# Posts tagged programming

## 5 things I learned at SciPy

- 01 November 2016
- open science

I’ve finally decompressed after my first go-around with Scipy. For those who haven’t heard of this conference before, Scipy is an annual meeting where members of scientific community get together to discuss their love of Python, scientific programming, and open science. It spans both academics and people from industry, making it a unique place in terms of how software interfaces with scientific research. (if you’re interested the full set of Scipy conferences, check out here.

It was an eye-opening experience that I learned a lot from, so here’s a quick recap of some things that I learned during my first rodeo.

## The beauty of computational efficiency

- 02 July 2016
- computation

When we discuss “computational efficiency”, you often hear people throw around phrases like \(O(n^2)\) or \(O(nlogn)\). We talk about them in the abstract, and it can be hard to appreciate what these distinctions mean and how important they are. So let’s take a quick look at what computational efficiency looks like in the context of a very famous algorithm: The Fourier Transform.

Briefly, A Fourier Transform is used for uncovering the spectral information that is present in a signal. AKA, it tells us about oscillatory components in the signal, and has a wide range of uses in communications, signal processing, and even neuroscience analysis.

## Scraping craigslist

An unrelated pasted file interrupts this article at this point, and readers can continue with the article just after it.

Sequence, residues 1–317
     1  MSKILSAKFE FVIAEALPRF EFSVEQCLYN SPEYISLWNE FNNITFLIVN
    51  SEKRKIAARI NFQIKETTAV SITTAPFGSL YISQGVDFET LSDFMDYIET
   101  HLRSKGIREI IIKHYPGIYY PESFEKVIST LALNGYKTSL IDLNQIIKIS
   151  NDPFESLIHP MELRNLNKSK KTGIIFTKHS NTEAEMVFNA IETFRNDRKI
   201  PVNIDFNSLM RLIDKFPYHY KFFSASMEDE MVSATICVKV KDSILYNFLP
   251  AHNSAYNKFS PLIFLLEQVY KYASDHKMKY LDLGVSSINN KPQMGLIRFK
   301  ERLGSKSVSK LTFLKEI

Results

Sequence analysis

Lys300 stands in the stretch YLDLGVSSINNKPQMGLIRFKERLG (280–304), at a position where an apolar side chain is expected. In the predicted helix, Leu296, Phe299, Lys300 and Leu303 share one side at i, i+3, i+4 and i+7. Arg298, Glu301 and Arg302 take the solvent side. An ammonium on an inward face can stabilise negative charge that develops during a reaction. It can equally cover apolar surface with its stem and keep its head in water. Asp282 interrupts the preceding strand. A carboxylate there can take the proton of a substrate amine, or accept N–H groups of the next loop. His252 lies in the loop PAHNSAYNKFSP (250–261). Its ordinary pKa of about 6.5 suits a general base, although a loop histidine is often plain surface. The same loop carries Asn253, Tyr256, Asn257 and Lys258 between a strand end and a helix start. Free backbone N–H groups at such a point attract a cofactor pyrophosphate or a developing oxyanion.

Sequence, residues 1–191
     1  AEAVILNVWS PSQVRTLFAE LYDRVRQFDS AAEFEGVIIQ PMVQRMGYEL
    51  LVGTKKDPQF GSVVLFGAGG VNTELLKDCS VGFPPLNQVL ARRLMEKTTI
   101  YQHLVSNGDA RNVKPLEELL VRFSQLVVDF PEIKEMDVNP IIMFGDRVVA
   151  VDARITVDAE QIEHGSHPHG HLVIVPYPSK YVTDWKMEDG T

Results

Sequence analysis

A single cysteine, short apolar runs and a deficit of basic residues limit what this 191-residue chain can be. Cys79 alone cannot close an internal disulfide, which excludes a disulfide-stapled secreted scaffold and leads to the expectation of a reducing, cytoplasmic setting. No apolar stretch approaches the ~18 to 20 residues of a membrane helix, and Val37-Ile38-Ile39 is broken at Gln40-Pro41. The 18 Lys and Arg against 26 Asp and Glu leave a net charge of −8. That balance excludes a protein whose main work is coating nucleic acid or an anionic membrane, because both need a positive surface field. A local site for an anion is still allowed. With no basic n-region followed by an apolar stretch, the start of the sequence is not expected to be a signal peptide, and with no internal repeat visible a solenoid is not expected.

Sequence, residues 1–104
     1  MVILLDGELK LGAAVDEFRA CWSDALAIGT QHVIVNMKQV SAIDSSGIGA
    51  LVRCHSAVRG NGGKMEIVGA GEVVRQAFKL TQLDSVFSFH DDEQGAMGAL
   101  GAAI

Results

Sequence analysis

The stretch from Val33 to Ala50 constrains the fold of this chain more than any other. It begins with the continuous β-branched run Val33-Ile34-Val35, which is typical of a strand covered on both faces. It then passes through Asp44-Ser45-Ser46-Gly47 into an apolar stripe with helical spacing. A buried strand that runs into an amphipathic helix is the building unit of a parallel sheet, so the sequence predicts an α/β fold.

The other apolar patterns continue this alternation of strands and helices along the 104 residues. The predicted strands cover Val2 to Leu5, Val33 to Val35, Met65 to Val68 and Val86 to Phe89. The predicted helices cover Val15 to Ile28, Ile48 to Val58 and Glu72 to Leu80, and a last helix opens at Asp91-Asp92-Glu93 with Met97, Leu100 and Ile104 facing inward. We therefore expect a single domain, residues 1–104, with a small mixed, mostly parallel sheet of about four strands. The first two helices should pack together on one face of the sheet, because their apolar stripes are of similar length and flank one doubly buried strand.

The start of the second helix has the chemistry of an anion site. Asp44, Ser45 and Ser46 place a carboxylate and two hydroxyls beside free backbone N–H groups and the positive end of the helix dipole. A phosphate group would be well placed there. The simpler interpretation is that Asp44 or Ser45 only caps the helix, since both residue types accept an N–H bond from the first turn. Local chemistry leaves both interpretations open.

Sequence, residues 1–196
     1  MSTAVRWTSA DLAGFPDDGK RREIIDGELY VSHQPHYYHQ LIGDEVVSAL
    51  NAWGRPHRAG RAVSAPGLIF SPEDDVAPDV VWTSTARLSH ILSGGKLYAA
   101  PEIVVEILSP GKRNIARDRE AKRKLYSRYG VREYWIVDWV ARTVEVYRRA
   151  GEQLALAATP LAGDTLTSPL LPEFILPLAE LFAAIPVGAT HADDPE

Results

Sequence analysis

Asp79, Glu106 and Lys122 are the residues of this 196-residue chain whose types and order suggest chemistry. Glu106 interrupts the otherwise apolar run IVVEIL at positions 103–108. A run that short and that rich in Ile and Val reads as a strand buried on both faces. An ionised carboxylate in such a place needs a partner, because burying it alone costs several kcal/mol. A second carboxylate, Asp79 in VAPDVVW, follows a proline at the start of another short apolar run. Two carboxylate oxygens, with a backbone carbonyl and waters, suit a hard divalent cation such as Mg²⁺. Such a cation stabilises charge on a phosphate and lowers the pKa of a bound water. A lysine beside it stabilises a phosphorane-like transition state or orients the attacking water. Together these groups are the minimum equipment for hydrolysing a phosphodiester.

- 30 August 2015
- computation, munging, scraping

In this notebook, I’ll show you how to make a simple query on Craigslist using some nifty python modules. You can take advantage of all the structure data that exists on webpages to collect interesting datasets.

First we need to figure out how to submit a query to Craigslist. As with many websites, one way you can do this is simply by constructing the proper URL and sending it to Craigslist. Here’s a sample URL that is returned after manually typing in a search to Craigslist:

## Coherence correlation

- 27 May 2015
- neuroscience

*Note - you can find the nbviewer of this post here*

A big question that I’ve always wrestled with is the difference between correlation and coherence. Intuitively, I think of these two things as very similar to one another. Correlation is a way to determine the extent to which two variables covary (normalized to be between -1 and 1). Coherence is similar, but instead assesses “similarity” by looking at the similarity for two variables in frequency space, rather than time space.